ABC NEWS CHIEF INVESTIGATIVE CORRESPONDENT BRIAN ROSS REPORTS ON WHETHER
THE ORIGINAL MEANING OF CHARITY HAS BEEN LOST, ON �PRIMETIME,� DECEMBER 8
Also: Diane Sawyer Reports on a Boy Who Survived a Near Fatal Shark Attack;
Did An HIV-Positive Mother, Who Is Also an AIDS Dissident, Endanger the Life of Her Daughter?
It�s the season of caring. Throughout New York and cities across the country, it�s the time of charity balls and black-tie fundraisers�glamour, fabulous food and music, big name entertainment. They raise lots of money for worthy causes and, indeed, giving to charity is up. So why are the poor getting less and less? That�s what �Primetime� wanted to know. Has the original meaning of charity been lost? According to Trent Stamp, president of Charity Navigator, a watchdog group: �Americans are giving more and more and more to charity, they�re giving less and less and less to the poorer citizens in this country... I don�t think that our richest citizens really want to be around our poorest citizens.� Which begs the question: What is charity? And since all charities are subsidized by some 40 billion a year in tax-free deductions, should the IRS be treating all charities equally? ABC News Chief Investigative Correspondent Brian Ross asks these provocative questions on �Primetime,� THURSDAY, DECEMBER 8 (9:00-11:00 p.m., ET) on the ABC Television Network.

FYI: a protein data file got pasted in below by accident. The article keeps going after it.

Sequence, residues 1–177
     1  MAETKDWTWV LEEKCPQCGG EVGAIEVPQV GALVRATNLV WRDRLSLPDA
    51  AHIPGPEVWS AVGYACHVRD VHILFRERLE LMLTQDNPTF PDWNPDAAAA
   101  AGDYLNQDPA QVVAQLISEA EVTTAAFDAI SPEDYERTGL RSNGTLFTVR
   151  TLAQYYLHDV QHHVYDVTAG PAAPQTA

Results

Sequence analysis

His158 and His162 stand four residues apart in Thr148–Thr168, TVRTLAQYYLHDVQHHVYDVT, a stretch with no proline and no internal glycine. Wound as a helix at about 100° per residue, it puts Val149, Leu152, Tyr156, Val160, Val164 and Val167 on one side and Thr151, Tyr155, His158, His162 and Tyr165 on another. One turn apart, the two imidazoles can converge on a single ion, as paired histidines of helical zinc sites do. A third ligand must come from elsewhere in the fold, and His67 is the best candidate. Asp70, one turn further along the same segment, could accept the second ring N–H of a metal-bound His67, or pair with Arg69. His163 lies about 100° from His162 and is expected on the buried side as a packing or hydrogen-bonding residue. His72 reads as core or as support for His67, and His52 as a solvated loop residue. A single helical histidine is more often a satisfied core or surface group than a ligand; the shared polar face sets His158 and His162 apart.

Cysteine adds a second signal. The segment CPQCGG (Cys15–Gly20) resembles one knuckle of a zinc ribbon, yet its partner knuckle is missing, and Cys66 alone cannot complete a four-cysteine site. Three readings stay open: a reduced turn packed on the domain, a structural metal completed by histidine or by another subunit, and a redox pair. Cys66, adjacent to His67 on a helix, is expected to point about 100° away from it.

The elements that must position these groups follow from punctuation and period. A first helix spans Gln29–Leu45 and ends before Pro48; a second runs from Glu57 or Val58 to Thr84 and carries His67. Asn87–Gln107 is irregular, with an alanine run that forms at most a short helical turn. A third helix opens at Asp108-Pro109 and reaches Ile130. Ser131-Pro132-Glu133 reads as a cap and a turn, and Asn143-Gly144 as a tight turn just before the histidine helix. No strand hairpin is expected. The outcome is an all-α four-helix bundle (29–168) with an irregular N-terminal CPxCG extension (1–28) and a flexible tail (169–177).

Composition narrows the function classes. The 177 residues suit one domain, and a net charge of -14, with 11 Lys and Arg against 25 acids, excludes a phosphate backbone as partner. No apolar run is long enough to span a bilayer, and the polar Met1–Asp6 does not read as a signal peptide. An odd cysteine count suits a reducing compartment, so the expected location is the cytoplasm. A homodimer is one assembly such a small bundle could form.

Also: This past summer in the warm waters off Panama City Beach, Florida, 16-year-old High school basketball star Craig Hutto�s life changed in a split second when he survived a near fatal shark attack. Craig, his older brother Brian and their parents give Diane Sawyer the intense blow-by-blow account of their prodigious battle against the massive strength and iron jaws of a bullshark, and explain how Brian and three nurses who miraculously were on the beach that day saved Chris� life.
Plus: Christine Maggiore, who is HIV positive, had completely rejected conventional wisdom by refusing to take anti-AIDS drugs. But did Maggiore, one of the most vocal AIDS dissidents in the world, not only roll the dice with her own life -- did she endanger the life of her child? Maggiore did not take AZT, a standard treatment to help prevent transmission of the virus from mother to child, during her pregnancy with her second child Eliza Jane four years ago. Maggiore also breast-fed Eliza Jane and her older brother. Last May, Eliza Jane died at age three, and a coroner has ruled that she died of AIDS-related pneumonia. Maggiore rejects the coroners findings, which she calls a witch hunt, and says she did what she thought would be best and safest for her child. An investigation has been opened into the death. Did Maggiore�s daughter pay the price for her mother�s denial? Chris Cuomo reports.
DIANE SAWYER, CHRIS CUOMO, CYNTHIA McFADDEN and JOHN QUI�ONES are the anchors of �Primetime.� DAVID SLOAN is the executive producer.